Of course, you want your child to be literate. But what does that mean, exactly? And how can you help them get there? There are a lot of different ways to approach early literacy, but there are some key things that all children need in order to become strong readers and writers. From developing phonemic awareness to encouraging a love of reading, these tips will help you give your child a solid literacy foundation.
Find out what experts have to say about our reading program: Dash Into Learning Expert Approved.
Statistically Our Country's Children Are Reading Below Grade Level.
There are clear indicators that can contribute to a child reading below grade level. One is whether or not the child has access to books and other reading materials at an early age. Studies have shown that children from families with lower incomes are more likely to read below grade level than their peers from higher-income families.
Other factors that can affect a child's reading ability include how much exposure they have to age-appropriate reading material, whether or not they have someone at home who can help them practice reading, and whether they have any learning disabilities that make it difficult for them to process written information.
Some sobering stats:
- About 1 in 3 children start kindergarten without basic reading and learning skills (University of Texas, 2005).
- 47% of fourth graders from low-income families read below the basic level (Rif.org).
- Only 35% of public school students read at or above the proficient level. In Texas, the average drops to only 25% (U.S. Department of Education, 2017).
Fortunately, there are a number of things that parents and caregivers can do to help children improve their literacy skills.
We love adding fun reading activities to our reading activity packs, such as:
- learning games
- coloring pages
- matching games
- bingo games
- secret codes
- handwriting practice
- and so many more fun activities for your child!
All of these supplemental activities reinforce what your child has been learning in a fun way.
How You Can Help Improve Your Child's Reading
There are a few key things you can do as a parent or guardian to help improve your child’s reading skills. First, it’s important to create a literacy-rich environment at home. This means having plenty of books, magazines, and other reading materials available for your child to explore. In fact, it's been recorded that "The number of books in a child's home correlates with their ability to read later in life (The Literacy Crisis: False Claims, Real Solutions, 1998)" and "Students with more types of reading material test higher-than-average on reading and language arts testing (U.S. Department of Education, 2001).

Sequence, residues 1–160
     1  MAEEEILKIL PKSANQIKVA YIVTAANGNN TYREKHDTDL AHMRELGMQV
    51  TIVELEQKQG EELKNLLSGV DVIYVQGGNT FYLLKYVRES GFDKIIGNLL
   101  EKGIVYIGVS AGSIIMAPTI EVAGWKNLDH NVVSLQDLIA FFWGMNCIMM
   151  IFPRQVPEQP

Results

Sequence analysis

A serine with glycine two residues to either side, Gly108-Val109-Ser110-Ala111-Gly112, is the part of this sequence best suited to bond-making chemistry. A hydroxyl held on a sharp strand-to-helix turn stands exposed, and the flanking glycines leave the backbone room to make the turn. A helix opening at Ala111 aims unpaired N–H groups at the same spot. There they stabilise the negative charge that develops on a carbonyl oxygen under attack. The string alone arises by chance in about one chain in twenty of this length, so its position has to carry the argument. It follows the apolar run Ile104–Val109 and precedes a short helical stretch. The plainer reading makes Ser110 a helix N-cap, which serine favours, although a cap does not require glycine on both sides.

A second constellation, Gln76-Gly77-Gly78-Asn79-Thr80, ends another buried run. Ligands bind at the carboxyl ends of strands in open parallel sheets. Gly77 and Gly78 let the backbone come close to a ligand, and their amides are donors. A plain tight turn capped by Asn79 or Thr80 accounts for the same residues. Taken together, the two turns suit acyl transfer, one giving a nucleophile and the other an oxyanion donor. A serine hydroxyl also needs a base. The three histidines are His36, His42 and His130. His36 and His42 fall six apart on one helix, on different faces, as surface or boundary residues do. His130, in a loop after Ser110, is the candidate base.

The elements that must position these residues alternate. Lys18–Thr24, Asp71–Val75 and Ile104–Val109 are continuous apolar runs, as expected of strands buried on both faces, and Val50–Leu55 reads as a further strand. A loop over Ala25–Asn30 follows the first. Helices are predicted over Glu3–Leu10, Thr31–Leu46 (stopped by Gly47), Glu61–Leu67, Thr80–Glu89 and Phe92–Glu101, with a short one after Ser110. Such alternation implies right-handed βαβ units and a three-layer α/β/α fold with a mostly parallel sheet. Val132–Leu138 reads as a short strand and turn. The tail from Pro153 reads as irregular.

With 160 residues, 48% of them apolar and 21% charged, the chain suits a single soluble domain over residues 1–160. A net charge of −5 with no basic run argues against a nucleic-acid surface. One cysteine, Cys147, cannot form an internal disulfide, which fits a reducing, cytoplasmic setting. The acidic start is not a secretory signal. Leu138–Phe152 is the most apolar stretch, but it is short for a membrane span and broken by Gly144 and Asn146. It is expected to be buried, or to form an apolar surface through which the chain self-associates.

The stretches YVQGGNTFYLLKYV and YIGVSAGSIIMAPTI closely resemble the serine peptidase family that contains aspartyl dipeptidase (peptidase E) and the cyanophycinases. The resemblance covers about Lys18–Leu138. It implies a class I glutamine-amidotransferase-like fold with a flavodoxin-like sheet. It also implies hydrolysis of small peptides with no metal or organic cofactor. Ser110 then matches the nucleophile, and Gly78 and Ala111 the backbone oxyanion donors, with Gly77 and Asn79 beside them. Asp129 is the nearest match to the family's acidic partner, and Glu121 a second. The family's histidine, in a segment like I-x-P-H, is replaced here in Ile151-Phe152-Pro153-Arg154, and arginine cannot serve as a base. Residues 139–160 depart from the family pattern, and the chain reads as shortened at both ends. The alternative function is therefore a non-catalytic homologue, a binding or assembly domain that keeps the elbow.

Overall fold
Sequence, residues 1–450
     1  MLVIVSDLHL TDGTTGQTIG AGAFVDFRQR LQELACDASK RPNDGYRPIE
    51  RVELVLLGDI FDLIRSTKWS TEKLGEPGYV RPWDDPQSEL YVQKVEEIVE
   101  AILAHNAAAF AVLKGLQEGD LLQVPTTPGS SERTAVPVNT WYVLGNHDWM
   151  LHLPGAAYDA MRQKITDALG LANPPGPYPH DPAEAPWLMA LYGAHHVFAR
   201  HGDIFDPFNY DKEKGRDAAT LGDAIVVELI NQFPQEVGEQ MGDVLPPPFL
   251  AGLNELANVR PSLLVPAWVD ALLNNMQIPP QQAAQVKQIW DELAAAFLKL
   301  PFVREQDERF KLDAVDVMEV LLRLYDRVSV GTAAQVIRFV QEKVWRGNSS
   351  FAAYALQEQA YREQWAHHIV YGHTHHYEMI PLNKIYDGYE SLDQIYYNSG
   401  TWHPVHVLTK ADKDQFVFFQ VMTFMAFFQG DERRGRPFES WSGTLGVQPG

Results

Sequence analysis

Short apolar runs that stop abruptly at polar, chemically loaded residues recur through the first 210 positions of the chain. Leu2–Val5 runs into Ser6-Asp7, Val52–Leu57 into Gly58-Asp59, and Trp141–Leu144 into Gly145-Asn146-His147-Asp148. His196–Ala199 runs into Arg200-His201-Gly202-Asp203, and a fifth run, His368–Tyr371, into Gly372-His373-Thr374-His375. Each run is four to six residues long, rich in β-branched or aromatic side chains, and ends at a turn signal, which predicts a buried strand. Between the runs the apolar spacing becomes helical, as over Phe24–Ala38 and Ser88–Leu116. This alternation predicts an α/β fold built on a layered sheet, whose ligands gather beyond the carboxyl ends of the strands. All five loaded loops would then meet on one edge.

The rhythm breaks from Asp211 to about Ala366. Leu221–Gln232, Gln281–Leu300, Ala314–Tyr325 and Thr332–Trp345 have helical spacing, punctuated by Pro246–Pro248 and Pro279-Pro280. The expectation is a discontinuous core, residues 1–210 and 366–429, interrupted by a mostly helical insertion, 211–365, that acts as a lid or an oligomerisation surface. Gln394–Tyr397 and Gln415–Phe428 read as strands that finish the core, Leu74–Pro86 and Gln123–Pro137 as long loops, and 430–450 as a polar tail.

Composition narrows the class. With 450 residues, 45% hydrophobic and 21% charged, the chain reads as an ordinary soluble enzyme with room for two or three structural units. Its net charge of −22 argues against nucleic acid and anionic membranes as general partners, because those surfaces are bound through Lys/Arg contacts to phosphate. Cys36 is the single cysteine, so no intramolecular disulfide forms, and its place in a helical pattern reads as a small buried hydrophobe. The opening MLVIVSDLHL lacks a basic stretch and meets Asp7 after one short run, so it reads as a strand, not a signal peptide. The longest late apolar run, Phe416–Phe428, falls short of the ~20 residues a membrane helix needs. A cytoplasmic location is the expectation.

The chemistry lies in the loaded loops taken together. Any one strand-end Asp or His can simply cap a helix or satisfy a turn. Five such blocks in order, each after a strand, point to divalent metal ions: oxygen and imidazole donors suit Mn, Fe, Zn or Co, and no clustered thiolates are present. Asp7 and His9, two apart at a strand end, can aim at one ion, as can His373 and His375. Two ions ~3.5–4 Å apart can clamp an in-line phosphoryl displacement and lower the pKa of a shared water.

Set up a reading nook in your home. Whether it's a cushion with a box of books next to it or a full library, your kids will appreciate having their own reading space. "Children who are provided with an informal environment to choose what they read show better reading and literacy skills (The Power of Reading: Insights from Research, 2004)" It’s also important to model good reading habits yourself—let your child see you reading regularly for pleasure.
Read to your children often! "Kids who are read to by Mom and Dad are twice as likely to score in the top 25% percentile in reading (U.S. Department of Education, 2002)."
Encourage your child to read aloud to you on a daily basis. This will help them practice their fluency and expression, and you can offer feedback on their progress. "Kids who regularly ready have better language skills, larger vocabularies and high cognitive skills than non-readers (Child Development, 2006)"
Help them choose books that are age appropriate for their level and interests, so that they stay motivated. Finally, make regular trips to the library together so that your child can explore even more books and find new favorites.
Let your child have fun tracking their reading with our reading log!
How Reading and Numeracy are Linked
It's no secret that reading and numeracy skills are linked. Research has shown that children who struggle with one are likely to struggle with the other. This is why it's so important to make sure your child is developing strong literacy skills. In fact, "Children who are read to frequently are: more likely to count to 20, write their own name, and read (NCES)."
This may be because both reading and numeracy require the child to extract information. "Symbol imagery and conceptual imagery are two major building blocks of literacy. They are also crucial to math, "points out Justine Gussen, a K–5 Reading Specialist.
Long Term Reading Success Starts at Home
The most important thing you can do to help your child become a successful reader is to encourage a love of reading at home. Here are some great ways to do that:
1. Make reading time special. Choose a quiet time when everyone is relaxed and there are no distractions. Let your child choose the book they want to read, snuggle up together, and enjoy the experience.
2. Talk about the books you're reading. Share what you're enjoying about them and ask your child what they think of the story.
3. Read aloud together. Not only is this a great way to bond, but it also models fluent reading for your child. You can take turns reading paragraphs or pages, or take on different character voices—have fun with it!
4. Take regular trips to the library. Let your child pick out their own books and explore different genres. This will help them find what they like to read and build their confidence as readers.
5. Encourage writing at home too! Whether it's keeping a journal, writing stories, or just jotting down lists, writing is an important part of literacy development. It's also another great way to bond with your child and share in their creativity.
If you have any concerns about your child's early reading development, be sure to reach out; we would love to discuss it with you!